OUTBUILDING: 4 x 3-bay roughcast garage, 4-pane timber sash and case windows, projecting cills, vertically-boarded doors, grey slate piended roof with exposed rafter ends and timber ventilators at ridge ends.

BOUNDARY WALLS: random rubble boundary wall to Kilkerran Road, circular rustic gatepiers with corniced and domed caps. 2-leaf timber main gate comprising 3 flush-beaded panels to lower half, dentilled moulding and grill panels above, full-height wrought-iron hinges with cross bars. Matching pedestrian gate to right.

Statement of Special Interest

Built by Robert Weir & Son for Arthur Gardiner, this is an excellent example of the work of Clifford, and clearly displays the influence of contemporary architects such as Charles Voysey, Lutyens and other exponents of the Arts and Crafts movement.




About Listed Buildings

Listing is the way that a building or structure of special architectural or historic interest is recognised by law through the Planning (Listed Buildings and Conservation Areas) (Scotland) Act 1997.

We list buildings of special architectural or historic interest using the criteria published in the Historic Environment Scotland Policy Statement.

The information in the listed building record gives an indication of the special architectural or historic interest of the listed building(s). It is not a definitive historical account or a complete description of the building(s). The format of the listed building record has changed over time. Earlier records may be brief and some information will not have been recorded.

The only legal part of the listing is the address/name of site. Addresses and building names may have changed since the date of listing and if a number or name is missing from a listing address it may still be listed. Listing covers both the exterior and the interior and any object or structure fixed to the building. Listing can also cover structures not physically attached but which are part of the curtilage of the building, such as boundary walls, gates, gatepiers, ancillary buildings etc. The planning authority is responsible for advising on what is covered by the listing including the curtilage of a listed building. Since 1 October 2015 we have been able to exclude items from a listing. If part of a building is not listed, it will say that it is excluded in the statutory address and in the statement of special interest in the listed building record. The statement will use the word 'excluding' and quote the relevant section of the Historic Environment Scotland Act 2014. Some earlier listed building records may use the word 'excluding', but if the Act is not quoted, the record has not been revised to reflect current legislation.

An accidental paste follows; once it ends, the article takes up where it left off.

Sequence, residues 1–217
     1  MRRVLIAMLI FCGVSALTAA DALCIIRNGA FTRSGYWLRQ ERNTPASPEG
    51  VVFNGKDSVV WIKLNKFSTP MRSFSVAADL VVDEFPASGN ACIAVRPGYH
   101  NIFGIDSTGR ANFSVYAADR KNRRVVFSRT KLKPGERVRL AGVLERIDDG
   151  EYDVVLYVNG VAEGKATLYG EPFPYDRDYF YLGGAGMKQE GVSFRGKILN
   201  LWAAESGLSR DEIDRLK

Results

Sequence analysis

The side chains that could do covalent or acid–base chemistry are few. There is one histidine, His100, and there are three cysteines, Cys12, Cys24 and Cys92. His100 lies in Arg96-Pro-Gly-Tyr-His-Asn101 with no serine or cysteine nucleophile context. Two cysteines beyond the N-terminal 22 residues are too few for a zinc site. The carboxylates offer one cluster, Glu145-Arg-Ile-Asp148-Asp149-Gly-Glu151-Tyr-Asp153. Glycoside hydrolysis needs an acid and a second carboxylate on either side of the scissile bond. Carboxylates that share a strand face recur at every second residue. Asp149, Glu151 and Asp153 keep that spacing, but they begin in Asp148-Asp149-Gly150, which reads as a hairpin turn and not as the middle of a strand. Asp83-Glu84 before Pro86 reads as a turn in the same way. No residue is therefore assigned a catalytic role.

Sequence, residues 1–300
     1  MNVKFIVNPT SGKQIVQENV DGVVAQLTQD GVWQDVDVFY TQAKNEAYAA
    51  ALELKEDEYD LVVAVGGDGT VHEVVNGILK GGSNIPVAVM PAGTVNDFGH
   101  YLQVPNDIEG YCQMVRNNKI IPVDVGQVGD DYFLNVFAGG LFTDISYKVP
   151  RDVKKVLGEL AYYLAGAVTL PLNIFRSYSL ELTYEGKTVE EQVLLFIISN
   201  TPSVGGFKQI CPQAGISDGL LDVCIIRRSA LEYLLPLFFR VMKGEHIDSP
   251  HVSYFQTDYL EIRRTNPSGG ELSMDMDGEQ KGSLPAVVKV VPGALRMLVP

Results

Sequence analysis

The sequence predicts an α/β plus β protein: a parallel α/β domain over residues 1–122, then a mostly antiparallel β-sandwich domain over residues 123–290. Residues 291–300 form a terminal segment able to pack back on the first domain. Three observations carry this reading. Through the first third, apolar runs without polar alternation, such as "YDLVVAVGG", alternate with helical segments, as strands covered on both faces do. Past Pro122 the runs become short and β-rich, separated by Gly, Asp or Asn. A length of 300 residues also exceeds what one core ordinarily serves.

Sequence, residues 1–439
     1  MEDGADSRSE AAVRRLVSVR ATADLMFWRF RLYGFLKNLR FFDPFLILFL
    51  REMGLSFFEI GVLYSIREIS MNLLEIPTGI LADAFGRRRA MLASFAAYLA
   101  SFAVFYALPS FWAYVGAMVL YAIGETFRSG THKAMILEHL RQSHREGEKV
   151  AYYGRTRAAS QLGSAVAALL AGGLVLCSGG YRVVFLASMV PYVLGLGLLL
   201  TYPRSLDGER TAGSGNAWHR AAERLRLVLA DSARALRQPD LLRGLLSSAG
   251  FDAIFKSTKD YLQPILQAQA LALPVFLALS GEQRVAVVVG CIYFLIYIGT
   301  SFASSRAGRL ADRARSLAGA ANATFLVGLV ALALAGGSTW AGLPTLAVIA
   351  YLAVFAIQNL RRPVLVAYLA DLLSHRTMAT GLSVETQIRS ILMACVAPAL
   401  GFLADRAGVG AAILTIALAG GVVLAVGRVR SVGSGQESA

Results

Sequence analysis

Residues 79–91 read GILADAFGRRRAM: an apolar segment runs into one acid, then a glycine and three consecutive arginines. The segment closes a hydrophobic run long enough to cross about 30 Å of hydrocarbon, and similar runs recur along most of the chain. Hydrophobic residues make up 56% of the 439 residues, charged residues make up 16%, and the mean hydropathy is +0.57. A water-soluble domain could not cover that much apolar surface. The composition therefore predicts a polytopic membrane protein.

If you want to alter, extend or demolish a listed building you need to contact your planning authority to see if you need listed building consent. The planning authority advises on the need for listed building consent and they also decide what a listing covers. The planning authority is the main point of contact for all applications for listed building consent.

Find out more about listing and our other designations at You can contact us on 0131 668 8716 or at


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Printed: 21/02/2019 07:26